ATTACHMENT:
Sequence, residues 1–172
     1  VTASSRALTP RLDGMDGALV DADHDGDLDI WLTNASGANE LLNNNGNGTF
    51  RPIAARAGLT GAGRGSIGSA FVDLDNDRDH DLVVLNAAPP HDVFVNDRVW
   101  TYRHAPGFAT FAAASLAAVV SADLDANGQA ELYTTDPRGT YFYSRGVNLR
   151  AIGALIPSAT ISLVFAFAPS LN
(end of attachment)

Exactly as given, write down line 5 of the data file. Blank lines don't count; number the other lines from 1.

   151  AIGALIPSAT ISLVFAFAPS LN